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Osamu Ishiyama, PhDAssociate Professor of Japanese Language and Culture
Director of the Language and Culture Program
- Ph.D. Linguistics, State University of New York at Buffalo
- M.A. Linguistics, Syracuse University
- B.A. English, Dokkyo University
- 2010-Present, Assistant Professor of Japanese Language and Culture, Soka University of America
- 2008-2010, Assistant Professor of Japanese, Ball State University
- 2010, 2012, Instructor (Summer courses in Japanese), International Christian University
- 2006-2008, Instructor of Japanese, Ball State University
- Functional Linguistics, particularly deixis and language change
- Japanese Linguistics
- Linguistic characteristics of L2 Japanese
Selected Papers, Publications & Lectures
- Friendly and respectful politeness: A functional analysis of L2 utterances. In K. Kabata & K. Toratani (Eds.), Cognitive-Functional Approaches to the Study of Japanese as Second Language. Berlin: De Gruyter Mouton. 2016.
- "The nature of speaker creativity in linguistic innovation". In E. Coussé & F. von Mengden (Eds.), Usage-Based Approaches to Language Change. Amsterdam/Philadelphia: John Benjamins, 147-165. 2014.
- "Reflexives and the shift between first and second person: The case of Japanese". Proceedings of the 34th Annual Meeting of the Berkeley Linguistics Society 163-174. University of California, Berkeley. Berkeley, CA. 2014.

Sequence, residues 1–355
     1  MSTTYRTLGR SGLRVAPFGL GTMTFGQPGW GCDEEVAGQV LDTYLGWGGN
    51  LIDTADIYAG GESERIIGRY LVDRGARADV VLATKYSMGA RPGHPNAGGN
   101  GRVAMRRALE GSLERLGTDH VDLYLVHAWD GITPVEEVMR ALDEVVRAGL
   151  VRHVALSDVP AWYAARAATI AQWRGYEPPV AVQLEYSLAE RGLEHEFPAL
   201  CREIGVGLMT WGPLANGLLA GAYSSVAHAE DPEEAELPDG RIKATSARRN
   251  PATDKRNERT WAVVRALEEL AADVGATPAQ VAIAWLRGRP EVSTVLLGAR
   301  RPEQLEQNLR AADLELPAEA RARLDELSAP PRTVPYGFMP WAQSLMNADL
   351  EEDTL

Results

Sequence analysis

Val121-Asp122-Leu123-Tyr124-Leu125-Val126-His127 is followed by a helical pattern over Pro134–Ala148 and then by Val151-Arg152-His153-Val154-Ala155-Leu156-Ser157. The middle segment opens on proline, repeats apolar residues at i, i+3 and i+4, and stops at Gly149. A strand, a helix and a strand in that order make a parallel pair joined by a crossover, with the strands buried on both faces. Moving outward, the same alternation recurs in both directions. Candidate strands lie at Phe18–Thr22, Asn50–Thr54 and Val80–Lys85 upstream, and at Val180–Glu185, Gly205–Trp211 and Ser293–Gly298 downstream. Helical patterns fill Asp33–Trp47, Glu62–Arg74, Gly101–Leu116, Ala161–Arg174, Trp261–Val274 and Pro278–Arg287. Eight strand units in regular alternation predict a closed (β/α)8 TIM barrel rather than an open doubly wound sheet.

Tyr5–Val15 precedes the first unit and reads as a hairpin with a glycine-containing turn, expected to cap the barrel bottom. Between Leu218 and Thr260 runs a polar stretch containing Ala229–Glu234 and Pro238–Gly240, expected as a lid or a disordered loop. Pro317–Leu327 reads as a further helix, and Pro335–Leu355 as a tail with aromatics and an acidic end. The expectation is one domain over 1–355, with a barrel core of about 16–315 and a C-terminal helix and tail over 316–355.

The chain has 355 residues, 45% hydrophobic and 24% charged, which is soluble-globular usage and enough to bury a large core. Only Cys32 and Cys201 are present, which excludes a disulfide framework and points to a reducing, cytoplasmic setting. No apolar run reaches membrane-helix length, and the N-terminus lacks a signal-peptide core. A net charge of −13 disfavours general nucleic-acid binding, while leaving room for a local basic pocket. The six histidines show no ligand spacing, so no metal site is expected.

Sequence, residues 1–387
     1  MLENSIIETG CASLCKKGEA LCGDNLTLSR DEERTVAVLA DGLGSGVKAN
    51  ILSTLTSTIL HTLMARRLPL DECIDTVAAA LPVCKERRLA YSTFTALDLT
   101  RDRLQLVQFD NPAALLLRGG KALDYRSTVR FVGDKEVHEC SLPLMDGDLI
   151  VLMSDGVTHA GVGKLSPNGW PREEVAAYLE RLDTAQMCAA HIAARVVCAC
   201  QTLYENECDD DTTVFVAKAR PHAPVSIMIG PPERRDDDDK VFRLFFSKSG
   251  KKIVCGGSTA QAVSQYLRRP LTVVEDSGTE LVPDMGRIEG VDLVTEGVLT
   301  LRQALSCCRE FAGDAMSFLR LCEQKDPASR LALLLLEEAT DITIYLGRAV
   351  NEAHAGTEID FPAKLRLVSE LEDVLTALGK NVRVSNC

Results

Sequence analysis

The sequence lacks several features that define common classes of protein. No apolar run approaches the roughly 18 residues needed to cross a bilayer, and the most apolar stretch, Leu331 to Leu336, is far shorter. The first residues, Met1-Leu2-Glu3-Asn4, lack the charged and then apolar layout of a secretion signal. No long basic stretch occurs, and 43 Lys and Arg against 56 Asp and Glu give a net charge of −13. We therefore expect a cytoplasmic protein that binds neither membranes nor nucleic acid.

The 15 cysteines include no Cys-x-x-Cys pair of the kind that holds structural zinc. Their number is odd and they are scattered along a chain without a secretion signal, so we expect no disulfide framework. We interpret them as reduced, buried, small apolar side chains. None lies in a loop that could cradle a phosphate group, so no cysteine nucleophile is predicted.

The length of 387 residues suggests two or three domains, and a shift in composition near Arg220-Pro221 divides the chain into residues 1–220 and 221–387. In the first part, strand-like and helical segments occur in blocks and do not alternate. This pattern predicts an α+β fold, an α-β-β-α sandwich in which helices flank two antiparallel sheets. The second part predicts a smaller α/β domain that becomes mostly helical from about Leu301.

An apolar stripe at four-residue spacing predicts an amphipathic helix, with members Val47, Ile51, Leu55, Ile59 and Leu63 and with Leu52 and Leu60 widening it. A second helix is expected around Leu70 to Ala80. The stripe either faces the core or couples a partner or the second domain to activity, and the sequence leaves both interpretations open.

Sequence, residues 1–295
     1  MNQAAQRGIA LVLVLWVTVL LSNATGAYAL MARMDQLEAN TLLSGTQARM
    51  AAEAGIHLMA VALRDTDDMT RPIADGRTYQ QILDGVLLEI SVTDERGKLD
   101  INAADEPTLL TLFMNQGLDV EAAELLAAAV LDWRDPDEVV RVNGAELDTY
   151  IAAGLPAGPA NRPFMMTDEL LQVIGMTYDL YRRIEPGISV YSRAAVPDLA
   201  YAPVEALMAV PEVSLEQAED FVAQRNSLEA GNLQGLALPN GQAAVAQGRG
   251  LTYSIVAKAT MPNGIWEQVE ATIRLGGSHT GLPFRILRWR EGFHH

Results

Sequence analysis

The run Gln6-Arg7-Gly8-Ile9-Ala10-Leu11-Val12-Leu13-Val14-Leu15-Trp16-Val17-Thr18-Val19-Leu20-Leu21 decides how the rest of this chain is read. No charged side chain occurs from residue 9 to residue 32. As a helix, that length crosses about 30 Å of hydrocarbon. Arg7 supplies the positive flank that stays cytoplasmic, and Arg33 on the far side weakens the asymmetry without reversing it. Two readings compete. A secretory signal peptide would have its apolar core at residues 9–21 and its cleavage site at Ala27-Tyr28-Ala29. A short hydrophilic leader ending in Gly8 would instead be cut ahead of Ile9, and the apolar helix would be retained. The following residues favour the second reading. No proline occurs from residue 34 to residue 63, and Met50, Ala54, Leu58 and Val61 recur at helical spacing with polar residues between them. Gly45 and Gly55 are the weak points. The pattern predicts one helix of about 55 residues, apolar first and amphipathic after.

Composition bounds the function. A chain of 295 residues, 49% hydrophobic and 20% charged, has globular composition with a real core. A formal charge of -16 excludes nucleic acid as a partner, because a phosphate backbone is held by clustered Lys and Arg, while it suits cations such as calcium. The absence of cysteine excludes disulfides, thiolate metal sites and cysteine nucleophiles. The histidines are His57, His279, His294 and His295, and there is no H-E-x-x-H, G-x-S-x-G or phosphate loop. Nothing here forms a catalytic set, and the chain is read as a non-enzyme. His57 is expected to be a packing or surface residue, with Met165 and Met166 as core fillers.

- "The diachronic relationship between demonstratives and first/second person pronouns". Journal of Historical Pragmatics 13 (1):50-71. 2012.
- "A note on Matsumoto regarding Japanese verbs of giving and receiving". Journal of Pragmatics 41 (5): 1061-1065. 2009.
Courses Taught at SUA
- JPN 101 - JPN 202
- JPN 306 (Intermediate Conversation)
- JPN 310 (Advanced Conversation)
- JPN 311 (Intermediate Reading & Writing)
- JPN 312 (Advanced Reading & Writing)
- JPN 410 (Japanese Literature & Film)
- JPN 411 (Introduction to Japanese Linguistics)
- Learning Cluster (Languages of the World; Language, Culture, and Society; Japanese Culture Through Film; Traditional and Counter-Culture of Japan)